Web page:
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Study success

Studying online

Guidance on getting the most out of your studies when studying online.

A student working on a laptop from accommodation at Limes Court

Depending on your course, you may be expected to engage in some online study.

Online study skills are similar to other forms of study. You will need to make notes, do reading, and manage your time effectively. 

However, it also requires some specific skills to work well online. Our guidance will help you prepare yourself for studying online, and our student support teams are here to help wherever you are studying.

Make sure you have the right tools

Microsoft Office 365 is free to all students while you are studying with us.

You can use it online or download Microsoft Office applications on up to 5 devices. Find out more from our self-help guides:

Digital training and support

Study skills guides

Attend your sessions

Research shows that students who attend more sessions, either online or on campus, tend to get better grades. Whatever your mode of study, attending your teaching sessions also gives you the chance to become part of our community.

Sessions which are pre-recorded or recorded during the session give you an opportunity to review sections you do not understand, allowing you to embed knowledge and understanding.

Get involved with your study

When you listen to recorded material, do what you would do if you were attending a live session and make notes. Making notes can help you learn, and they also give you something to review later.

Taking good notes is a skill, and our Study skills guides can help you develop your note-taking. Focus on understanding the lecture and make your own summary notes as best you can. If your session is recorded, you can review it to improve your notes and fill in gaps. You can also check whether the lecturer has made PowerPoint slides or other material available for you and take time to review these.

Your lecturers may ask you to do reading or a task before a session. These will prepare you for the session, so do your best to complete them. Making notes from pre-reading will help your understanding of the topic. If there is something you are not sure about, make a note and ask your lecturer.

You may be offered live question and answer sessions alongside a prerecorded lecture or workshop. These sessions are a good opportunity to find out more, ask questions and deepen your knowledge.

You could be to complete a quiz or task after a session. This is a good way of consolidating your knowledge and checking your understanding.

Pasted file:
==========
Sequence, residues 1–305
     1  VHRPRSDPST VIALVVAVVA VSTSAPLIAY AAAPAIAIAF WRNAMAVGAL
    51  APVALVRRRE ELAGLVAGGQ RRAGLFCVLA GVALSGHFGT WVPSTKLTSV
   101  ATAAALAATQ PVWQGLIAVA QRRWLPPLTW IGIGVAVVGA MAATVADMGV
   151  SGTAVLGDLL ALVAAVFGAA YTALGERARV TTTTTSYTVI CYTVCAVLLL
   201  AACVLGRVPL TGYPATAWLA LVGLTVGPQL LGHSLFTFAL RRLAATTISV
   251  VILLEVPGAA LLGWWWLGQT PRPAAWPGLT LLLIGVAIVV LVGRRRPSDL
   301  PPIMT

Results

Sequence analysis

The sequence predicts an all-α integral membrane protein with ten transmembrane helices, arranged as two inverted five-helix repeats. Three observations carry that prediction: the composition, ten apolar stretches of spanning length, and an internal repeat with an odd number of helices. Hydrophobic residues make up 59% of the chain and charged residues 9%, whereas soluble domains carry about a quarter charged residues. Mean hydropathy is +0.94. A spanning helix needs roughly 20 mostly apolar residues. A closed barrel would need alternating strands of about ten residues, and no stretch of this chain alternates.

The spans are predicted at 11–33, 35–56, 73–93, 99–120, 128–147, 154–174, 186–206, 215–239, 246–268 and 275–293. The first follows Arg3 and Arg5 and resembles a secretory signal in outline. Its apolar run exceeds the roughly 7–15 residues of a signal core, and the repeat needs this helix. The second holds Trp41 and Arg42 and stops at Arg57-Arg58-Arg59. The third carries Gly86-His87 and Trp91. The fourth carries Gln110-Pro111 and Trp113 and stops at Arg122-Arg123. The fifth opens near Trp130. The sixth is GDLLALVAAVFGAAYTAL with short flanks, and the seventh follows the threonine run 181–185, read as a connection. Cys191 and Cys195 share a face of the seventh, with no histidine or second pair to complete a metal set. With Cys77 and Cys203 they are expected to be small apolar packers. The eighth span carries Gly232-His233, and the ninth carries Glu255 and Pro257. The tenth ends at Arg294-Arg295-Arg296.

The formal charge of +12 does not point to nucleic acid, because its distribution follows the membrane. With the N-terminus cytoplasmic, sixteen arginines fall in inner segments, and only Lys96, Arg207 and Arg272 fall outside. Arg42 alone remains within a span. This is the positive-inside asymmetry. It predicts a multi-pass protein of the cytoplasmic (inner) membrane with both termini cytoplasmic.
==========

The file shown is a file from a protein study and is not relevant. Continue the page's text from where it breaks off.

Some modules may feature online forums in Moodle, use these to ask questions and discuss topics. It's a good way to connect with other students on your course and your tutors.

Review your notes

After a session, check your notes for areas you don't understand and identify any gaps. When you are revising your notes, try to summarise in your own words.

If the session was recorded, go back and revisit any sections you didn't understand. Ideally you should aim to go back to a recorded session within 2 to 3 days. This will allow you to think about the session and digest the information properly.

Catch up

If you miss a live online session or forget to view a recorded lecture, review the resources on Moodle and any recordings within a week. Learning is more effective when it's spread out, so try to keep up to date with your sessions and module content each week.

Ask for help

We are here to help. There is lots of advice available from your tutors and our support teams. If you do not understand something in an online session, please ask.

Try watching the recorded sessions with others on your course as part of a study group, and check your knowledge on a regular basis using your module content in Moodle as a help resource.

Look up additional resources, including those that are mentioned in sessions (the pause button can help). Remember, your reading lists are a great tool to connect you with the resources you will need to use to take part in the learning for your course. Don't just rely on the content in a lecture.


Stay in touch with students in your class, your tutor, lecturers and our support teams. Our online tools are a good way to keep in contact with everyone.

Remember to check your university email on a regular basis and you will find lots of useful information on your module pages in Moodle.

Take regular breaks

It's easy to spend a long time in front of a laptop or a computer when studying online. Make sure you take breaks and do something relaxing. It's also worth deciding on a cut-off point for finishing studying for the day.

Space out viewing online sessions - this is more effective for learning. Binge-watching online sessions might seem tempting but it's not the best use of your time.

Online safety

Your safety online is important.

If you have any concerns about yourself or a fellow student then please speak to us. You can raise your concerns with your academic tutor or the wellbeing team. Alternatively, you can report anonymously by using Report and Support.

This guide is brought to you by York St John University and York St John Students' Union. It is based on: Nordmann et al. (2018) Lecture capture: practical recommendations for students and lecturers. It is licensed under a Creative Commons Attribution 4.0 International License.

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